The human body's respiratory system operates on a delicate balance between oxygen (O2) and carbon dioxide (CO2) levels. Contrary to what you might think, the body primarily senses the level of CO2 to regulate breathing. When CO2 levels rise, your body signals for more frequent and deeper breaths.
Box Breathing: Expelling Excess CO2
Box Breathing is a controlled breathing technique that focuses on equalizing the four phases of your breath cycle: inhale, hold, exhale, and hold again, each for a set count. This controlled pattern helps expel excess CO2 from your lungs, promoting a state of calm and focus.
The Benefits of Box Breathing for Precision Shooting
In some high-stress scenarios, such as strenuous physical activity before a shot, you might find yourself heavily breathing due to an elevated heart rate and rapid breathing. In such cases, it's crucial to stabilize your breath before transitioning into Box Breathing. Here's how:
In precision shooting, the difference between hitting your mark and missing it can often come down to your ability to control your body and mind. Box Breathing is a valuable tool in achieving this control. By expelling excess CO2, slowing your heart rate, reducing wobble, enhancing vision, calming your nerves, and assisting in breath stabilization when breathing heavily. Box Breathing equips you with the focus and precision necessary for successful marksmanship.
So, the next time you're on the range or in the field, remember the power of controlled breathing. Incorporate Box Breathing into your shooting regimen, and watch as your accuracy and composure reach new heights.
Happy shooting, and may your shots always find their mark!
Deer hunting in the mountains is an adventure like no other. The thrill of tracking elusive game amidst breathtaking landscapes is a pursuit that draws hunters year after year. To increase your chances of spotting that trophy buck, you'll need the right tools and techniques. In this comprehensive guide, we'll explore how to effectively glass for deer in the mountains using binoculars and tripods. We'll also dive into the importance of protecting your binoculars and tripods, to ensure they function flawlessly during your hunts.
Glassing for Deer: The Mountain Hunter's Advantage
Mountain hunting offers unique advantages, such as elevation and vantage points, which can greatly enhance your ability to spot deer. Here's how to make the most of it:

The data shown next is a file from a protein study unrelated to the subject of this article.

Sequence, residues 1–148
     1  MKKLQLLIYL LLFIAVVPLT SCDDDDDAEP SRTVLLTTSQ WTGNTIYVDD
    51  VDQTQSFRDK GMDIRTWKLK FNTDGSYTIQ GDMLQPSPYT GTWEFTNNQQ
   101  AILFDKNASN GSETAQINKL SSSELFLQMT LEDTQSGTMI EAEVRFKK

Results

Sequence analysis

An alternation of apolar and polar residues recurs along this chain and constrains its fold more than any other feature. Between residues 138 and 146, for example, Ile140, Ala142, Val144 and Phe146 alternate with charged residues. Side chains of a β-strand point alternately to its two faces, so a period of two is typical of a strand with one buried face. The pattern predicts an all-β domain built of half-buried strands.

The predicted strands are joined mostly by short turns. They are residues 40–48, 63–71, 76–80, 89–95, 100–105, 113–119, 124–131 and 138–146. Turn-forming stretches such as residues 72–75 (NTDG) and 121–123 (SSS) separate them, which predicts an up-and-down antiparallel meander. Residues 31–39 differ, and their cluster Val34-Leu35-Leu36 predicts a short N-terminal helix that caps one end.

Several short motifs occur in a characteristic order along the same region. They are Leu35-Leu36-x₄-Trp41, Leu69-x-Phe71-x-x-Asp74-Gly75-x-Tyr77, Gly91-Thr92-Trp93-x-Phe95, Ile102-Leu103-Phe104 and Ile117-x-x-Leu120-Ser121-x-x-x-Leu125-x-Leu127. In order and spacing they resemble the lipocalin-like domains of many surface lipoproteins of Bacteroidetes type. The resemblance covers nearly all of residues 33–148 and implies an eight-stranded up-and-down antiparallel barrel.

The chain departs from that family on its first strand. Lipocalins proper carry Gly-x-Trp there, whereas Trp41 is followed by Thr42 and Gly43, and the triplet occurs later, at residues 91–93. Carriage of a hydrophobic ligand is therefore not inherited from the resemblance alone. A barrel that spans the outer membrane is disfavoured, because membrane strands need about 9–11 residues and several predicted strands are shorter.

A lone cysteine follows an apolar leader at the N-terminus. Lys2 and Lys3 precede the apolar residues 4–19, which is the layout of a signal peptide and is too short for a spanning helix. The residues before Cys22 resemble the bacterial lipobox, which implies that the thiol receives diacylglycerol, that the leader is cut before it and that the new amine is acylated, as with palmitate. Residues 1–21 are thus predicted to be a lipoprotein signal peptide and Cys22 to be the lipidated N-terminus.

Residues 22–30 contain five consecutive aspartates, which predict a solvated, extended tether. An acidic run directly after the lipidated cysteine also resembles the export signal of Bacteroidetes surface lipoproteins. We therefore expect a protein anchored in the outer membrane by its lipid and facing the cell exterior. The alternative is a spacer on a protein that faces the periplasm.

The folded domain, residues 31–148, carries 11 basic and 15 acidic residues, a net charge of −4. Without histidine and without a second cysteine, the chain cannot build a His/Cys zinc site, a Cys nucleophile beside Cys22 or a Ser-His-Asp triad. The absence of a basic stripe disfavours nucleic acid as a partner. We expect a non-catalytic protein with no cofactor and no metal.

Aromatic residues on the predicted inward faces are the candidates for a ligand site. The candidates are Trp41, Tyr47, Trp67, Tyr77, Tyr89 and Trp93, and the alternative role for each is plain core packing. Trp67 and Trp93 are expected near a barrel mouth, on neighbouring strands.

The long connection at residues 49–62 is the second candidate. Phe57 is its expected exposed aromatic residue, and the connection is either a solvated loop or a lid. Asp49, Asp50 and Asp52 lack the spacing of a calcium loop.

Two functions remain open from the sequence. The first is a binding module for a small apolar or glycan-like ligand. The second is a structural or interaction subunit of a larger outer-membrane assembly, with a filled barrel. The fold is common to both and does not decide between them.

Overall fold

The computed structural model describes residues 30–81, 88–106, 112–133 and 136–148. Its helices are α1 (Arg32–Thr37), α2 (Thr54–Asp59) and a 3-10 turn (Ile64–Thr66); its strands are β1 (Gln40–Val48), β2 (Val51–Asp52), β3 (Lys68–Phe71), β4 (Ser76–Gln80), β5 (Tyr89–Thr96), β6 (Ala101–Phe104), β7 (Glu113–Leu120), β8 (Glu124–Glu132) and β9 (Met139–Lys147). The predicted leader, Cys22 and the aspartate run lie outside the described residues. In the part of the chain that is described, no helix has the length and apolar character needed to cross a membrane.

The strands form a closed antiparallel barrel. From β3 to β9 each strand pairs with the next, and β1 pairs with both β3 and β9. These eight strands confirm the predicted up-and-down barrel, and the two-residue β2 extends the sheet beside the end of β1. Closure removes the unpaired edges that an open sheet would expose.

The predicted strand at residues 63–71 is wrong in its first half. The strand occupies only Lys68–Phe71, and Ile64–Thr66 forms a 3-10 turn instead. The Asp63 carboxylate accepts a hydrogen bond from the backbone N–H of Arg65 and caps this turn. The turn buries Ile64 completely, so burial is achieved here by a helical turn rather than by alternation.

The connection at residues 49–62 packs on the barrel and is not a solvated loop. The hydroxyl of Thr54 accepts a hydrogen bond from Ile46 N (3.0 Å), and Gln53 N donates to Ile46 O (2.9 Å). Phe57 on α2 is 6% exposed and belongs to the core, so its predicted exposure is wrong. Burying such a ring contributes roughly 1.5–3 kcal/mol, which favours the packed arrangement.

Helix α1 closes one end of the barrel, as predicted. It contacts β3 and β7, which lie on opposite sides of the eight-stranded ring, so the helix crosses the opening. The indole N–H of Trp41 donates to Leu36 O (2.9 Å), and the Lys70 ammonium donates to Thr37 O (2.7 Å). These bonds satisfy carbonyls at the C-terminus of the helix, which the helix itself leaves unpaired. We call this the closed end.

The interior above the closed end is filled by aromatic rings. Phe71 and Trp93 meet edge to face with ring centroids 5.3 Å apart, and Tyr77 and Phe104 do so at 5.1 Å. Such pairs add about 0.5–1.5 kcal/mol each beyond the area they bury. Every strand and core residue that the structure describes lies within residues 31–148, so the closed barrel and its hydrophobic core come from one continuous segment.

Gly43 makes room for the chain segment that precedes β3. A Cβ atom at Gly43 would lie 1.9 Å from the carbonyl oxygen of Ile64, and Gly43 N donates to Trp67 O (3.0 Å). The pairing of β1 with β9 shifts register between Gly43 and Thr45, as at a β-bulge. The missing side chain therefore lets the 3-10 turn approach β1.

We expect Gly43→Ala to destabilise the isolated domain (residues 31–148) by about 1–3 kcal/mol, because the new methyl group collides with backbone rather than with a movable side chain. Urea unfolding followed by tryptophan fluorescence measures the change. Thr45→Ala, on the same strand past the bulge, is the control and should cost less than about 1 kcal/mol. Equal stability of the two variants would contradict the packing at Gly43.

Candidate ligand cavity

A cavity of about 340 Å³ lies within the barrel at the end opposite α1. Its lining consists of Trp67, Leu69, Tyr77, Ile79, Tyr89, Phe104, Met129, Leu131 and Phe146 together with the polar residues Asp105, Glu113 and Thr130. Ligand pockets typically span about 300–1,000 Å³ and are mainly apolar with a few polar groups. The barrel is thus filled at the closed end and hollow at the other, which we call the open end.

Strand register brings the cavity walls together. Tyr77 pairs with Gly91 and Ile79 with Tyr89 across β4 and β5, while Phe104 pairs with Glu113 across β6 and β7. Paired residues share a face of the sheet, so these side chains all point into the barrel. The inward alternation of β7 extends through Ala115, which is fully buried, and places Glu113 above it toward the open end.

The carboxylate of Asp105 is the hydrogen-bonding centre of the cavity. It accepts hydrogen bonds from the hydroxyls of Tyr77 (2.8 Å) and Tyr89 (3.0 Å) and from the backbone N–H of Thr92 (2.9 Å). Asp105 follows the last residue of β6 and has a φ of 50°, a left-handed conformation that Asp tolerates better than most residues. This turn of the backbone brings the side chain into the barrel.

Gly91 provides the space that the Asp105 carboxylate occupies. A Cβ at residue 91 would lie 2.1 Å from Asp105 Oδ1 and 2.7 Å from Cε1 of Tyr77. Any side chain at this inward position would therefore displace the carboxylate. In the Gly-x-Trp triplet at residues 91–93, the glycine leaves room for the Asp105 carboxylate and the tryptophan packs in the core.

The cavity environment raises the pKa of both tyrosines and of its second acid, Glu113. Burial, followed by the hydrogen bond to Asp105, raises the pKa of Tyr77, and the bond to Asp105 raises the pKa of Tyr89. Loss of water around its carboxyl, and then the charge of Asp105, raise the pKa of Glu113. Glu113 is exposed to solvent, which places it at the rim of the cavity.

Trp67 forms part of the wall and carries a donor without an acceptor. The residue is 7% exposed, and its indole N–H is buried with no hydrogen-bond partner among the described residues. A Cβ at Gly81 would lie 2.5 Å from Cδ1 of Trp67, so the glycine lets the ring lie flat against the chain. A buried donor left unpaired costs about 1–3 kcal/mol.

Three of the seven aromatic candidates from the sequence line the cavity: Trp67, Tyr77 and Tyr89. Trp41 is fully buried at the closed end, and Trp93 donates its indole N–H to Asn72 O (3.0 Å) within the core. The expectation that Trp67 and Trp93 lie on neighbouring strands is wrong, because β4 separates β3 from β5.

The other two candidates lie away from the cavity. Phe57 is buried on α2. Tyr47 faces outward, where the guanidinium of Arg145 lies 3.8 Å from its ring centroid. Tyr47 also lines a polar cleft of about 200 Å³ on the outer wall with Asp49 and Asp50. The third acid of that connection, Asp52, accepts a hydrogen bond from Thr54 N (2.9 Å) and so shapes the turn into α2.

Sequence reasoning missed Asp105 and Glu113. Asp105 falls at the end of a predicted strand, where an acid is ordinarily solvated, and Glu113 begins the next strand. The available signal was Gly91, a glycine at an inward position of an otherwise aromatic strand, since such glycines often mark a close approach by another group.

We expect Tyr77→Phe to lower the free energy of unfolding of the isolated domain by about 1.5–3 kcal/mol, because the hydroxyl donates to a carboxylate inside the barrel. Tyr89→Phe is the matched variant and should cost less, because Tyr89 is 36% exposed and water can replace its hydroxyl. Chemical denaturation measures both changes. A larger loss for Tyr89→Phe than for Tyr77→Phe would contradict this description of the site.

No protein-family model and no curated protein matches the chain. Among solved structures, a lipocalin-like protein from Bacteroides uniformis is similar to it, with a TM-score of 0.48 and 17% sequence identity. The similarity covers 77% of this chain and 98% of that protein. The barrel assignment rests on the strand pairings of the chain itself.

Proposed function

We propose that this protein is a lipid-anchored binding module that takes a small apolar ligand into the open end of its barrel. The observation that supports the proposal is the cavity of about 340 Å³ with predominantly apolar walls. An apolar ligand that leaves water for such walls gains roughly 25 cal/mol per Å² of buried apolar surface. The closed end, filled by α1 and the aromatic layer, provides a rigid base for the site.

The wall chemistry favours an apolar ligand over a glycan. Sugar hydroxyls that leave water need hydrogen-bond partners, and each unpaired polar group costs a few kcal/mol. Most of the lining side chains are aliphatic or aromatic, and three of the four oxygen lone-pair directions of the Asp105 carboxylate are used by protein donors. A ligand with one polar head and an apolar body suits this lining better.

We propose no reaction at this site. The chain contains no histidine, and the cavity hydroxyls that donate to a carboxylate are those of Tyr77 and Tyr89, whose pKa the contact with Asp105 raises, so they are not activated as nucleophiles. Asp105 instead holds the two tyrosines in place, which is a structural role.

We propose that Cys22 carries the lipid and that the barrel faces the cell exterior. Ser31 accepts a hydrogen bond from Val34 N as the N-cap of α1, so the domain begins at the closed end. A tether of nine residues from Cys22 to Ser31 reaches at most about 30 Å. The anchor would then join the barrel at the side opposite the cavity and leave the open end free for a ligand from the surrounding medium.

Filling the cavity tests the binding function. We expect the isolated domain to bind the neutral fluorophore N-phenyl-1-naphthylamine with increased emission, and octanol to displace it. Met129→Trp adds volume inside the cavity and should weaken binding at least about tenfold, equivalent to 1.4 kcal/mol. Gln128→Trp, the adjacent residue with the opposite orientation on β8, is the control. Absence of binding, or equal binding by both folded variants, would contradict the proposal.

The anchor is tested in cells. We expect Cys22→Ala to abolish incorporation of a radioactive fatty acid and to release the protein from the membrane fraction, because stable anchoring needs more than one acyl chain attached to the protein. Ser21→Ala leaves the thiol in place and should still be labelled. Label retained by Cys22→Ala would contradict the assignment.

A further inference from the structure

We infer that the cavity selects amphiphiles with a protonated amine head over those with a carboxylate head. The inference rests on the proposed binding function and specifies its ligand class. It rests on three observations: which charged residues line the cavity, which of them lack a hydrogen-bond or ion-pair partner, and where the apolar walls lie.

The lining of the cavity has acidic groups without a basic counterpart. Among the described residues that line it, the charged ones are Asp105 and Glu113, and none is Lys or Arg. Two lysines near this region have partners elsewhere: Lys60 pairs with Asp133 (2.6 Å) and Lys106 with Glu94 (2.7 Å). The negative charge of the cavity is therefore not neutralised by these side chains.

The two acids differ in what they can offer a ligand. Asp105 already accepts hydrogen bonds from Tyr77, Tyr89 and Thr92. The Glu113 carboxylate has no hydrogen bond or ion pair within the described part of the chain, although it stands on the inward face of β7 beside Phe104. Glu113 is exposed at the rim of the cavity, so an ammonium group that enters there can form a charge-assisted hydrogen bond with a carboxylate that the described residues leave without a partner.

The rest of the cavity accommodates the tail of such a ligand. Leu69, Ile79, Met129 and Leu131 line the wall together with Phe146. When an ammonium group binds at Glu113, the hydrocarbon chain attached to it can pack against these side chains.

1. The Right Optics: Start with high-quality binoculars. Opt for a pair with sufficient magnification like 12x50 or 15x56 binoculars, to see the smaller details between 1000 and 2000 yards.
2. Steady Support: Invest in a sturdy tripod with a reliable fluid head or ball head. This provides stability and reduces fatigue during long glassing sessions. Consider lightweight carbon fiber tripods for easier carrying.
3. Setting Up: Find a comfortable spot with a clear view of the terrain you want to cover. Watch the view angles and feel free to move 50 to 100 yards and set up again, that can make the difference to see a bedded deer you couldn't see earlier. If possible, sit down for added stability. The Triple S Pillow, a best seller at LS Wild, can enhance your comfort during extended glassing sessions. Link to Triple S Pillow
4. Look For Deer Parts: Don't look for an entire deer; that's easy. Instead, focus on the details. Look into the shadows where they may be bedded. Watch for subtle motion, like an ear flick. Train your eyes to spot individual elements—a tine, a black nose, an ear flick, or a glassy eye.
5. Scan Methodically: Begin scanning slowly and systematically, covering the area in a grid or zigzag pattern to ensure you don't miss any spots.
6. Patience Pays: Spend time glassing each spot, as deer may be well-camouflaged and may not move until they feel safe.
Gear Protection: Safeguarding Your Investment
Now, let's shift our focus to the protection of your essential gear. Whether you're carrying it on the hunt or storing it during travel, safeguarding your binoculars and tripods is crucial. As hunters, we've designed specific gear for western hunters who are packing into ridges, bowls, and valleys. More will be released by LS Wild in the next six months.
1. Binocular Protection:
Glassing for deer in the mountains can be an exhilarating and rewarding experience. With the right binoculars, tripods, and systematic scanning techniques, you can significantly increase your chances of spotting game. Additionally, protecting your gear is essential for maintaining the function, alignment, and collimation of your binoculars, as well as the longevity of your tripod.